So over on Facebook, Lisa from The Novel Approach posed this question about barebacking in m/m romance:
Okay, peeps, opinion:
Brand new M/M author, chapter one, first few pages, guys are already gettin’ busy. It’s their first time together, neither are virgins. They bareback, no mention at all of condoms or status.
This is a real-world contemporary, not paranormal, not fantasy.
Thoughts – irresponsible on the author’s part? Not a big deal? What?
This question keeps popping up occasion. Leta Blake has had a couple great posts about her research into why gay men bareback over on her blog, and it came up not long ago at Jessewave as well.
Yesterday, people on Twitter were doing a #UnpopularOpinion thing. Well, here’s mine:
The prevalence of protected sex in m/m romance is out of proportion with reality to the point of being a rather trite.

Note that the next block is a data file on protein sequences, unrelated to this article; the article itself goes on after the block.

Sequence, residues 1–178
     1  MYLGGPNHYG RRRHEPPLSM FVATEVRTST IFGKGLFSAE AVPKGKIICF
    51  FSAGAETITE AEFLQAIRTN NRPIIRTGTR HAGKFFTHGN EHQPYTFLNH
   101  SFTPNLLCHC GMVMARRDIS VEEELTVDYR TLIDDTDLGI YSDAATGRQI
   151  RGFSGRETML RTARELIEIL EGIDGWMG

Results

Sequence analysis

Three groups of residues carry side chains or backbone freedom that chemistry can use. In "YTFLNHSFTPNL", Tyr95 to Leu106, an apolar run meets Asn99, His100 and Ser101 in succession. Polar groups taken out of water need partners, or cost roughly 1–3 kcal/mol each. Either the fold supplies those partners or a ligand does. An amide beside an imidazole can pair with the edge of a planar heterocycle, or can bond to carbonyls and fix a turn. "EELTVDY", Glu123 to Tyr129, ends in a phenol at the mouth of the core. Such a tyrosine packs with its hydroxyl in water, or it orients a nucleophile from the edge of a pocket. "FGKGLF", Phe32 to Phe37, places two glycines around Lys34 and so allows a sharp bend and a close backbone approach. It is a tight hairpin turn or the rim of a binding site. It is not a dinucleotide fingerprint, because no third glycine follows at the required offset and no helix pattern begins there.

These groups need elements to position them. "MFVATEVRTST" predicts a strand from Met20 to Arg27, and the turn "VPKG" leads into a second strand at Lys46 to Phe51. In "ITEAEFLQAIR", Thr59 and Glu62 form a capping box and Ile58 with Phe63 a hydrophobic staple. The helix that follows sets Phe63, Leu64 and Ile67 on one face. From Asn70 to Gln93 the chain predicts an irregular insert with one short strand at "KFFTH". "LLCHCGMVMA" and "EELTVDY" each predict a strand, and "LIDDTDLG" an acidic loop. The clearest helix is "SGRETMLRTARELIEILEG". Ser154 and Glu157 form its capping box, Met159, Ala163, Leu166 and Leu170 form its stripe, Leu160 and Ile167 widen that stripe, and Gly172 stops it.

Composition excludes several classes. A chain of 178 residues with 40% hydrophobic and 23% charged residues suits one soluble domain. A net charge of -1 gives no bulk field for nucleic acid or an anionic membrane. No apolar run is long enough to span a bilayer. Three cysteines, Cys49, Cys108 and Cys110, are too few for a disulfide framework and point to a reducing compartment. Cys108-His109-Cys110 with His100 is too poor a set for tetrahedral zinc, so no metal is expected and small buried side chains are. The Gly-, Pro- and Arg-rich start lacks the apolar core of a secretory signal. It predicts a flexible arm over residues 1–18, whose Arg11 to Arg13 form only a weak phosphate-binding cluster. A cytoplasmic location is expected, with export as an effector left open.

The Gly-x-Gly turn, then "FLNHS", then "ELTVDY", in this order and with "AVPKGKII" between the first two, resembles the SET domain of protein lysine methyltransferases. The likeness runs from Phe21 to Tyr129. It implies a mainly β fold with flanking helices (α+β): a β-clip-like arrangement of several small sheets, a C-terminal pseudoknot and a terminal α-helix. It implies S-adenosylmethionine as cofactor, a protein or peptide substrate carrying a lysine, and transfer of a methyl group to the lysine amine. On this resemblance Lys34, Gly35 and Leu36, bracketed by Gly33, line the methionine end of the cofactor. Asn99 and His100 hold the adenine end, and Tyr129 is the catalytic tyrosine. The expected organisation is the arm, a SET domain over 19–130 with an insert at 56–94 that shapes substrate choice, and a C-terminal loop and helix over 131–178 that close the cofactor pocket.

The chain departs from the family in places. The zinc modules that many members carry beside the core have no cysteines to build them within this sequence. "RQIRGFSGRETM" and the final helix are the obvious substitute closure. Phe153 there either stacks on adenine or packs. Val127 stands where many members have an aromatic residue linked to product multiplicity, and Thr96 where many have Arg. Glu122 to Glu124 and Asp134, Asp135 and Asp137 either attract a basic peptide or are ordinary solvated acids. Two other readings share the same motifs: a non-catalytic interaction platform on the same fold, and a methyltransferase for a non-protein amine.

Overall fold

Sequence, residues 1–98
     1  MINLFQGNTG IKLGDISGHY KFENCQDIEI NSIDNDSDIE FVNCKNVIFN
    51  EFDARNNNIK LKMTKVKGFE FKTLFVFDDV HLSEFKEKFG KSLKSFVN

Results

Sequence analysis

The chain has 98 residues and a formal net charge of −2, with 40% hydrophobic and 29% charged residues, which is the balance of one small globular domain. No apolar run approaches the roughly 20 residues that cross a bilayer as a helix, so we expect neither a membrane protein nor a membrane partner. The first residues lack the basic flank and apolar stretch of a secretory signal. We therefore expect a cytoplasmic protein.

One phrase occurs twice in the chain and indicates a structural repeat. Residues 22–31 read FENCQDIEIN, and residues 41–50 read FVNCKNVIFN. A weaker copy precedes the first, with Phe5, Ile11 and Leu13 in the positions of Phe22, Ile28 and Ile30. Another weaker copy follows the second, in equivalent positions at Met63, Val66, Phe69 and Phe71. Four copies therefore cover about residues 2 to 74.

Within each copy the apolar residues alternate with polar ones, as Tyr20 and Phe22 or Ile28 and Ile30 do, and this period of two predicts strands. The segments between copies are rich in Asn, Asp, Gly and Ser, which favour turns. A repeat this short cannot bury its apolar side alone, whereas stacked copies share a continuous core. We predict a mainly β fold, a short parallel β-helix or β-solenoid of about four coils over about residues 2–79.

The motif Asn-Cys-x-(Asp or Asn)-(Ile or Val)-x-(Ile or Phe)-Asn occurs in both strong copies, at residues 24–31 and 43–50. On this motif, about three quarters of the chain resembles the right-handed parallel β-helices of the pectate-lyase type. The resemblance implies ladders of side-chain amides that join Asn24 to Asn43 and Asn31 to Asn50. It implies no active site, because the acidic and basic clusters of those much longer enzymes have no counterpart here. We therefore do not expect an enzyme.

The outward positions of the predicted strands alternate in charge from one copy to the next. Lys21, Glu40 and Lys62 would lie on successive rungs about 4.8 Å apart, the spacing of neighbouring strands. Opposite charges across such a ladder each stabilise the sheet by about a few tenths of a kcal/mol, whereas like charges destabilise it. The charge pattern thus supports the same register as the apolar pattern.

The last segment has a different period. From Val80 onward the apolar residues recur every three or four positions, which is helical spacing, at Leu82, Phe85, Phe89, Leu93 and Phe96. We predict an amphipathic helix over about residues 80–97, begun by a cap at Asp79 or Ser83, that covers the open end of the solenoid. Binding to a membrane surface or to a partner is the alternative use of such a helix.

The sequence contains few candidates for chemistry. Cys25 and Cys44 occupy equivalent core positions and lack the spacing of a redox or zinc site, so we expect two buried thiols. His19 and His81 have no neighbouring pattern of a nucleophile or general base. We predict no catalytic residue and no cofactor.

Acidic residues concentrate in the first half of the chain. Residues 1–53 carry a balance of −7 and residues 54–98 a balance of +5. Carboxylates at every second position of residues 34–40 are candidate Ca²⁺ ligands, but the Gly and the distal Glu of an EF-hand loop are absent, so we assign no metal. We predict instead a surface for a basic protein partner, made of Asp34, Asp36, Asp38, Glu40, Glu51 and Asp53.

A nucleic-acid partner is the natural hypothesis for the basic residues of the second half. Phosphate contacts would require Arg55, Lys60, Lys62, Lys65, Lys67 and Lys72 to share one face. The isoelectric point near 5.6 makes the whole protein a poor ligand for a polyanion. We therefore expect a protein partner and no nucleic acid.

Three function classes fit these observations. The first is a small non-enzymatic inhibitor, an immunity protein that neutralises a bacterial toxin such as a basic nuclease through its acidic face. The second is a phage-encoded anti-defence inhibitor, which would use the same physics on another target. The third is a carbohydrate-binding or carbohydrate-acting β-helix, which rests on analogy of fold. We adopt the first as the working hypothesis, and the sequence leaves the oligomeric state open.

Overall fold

(/me dons flame-retardant suit. Any flames on this post will be unanswered and/or deleted)
I know WHY this is. M/M romance is written primarily by straight women, and we love the gay men we write about and we want to portray them in as positive and responsible a light as possible and never show them doing things which are, in popular opinion, Bad Things.
But we as storytellers have no moral or ethical obligation to show our characters doing the perfectly correct thing all the time. We do, however, have a moral or ethical responsibility to portray minority characters as fully rounded, complete, un-stereotyped beings. And that means letting them do things that maybe aren’t politically correct.
The Perfectly Correct use of condoms is another branch of the same school of thought that says 1-finger-2-fingers-3-fingers-fuck is the only way to gear up to anal sex, and that spit isn’t lube. Except some men–and women–have anal sex without any manual prep whatsoever, and some of them are perfectly okay using spit as lube. What we assume as gospel because our genre has been preaching it as gospel Ain’t Necessarily So. When you scream “SPIT ISN’T LUBE” you are basically telling real people who use it as their lube of choice with no difficulties URDOINITRONG.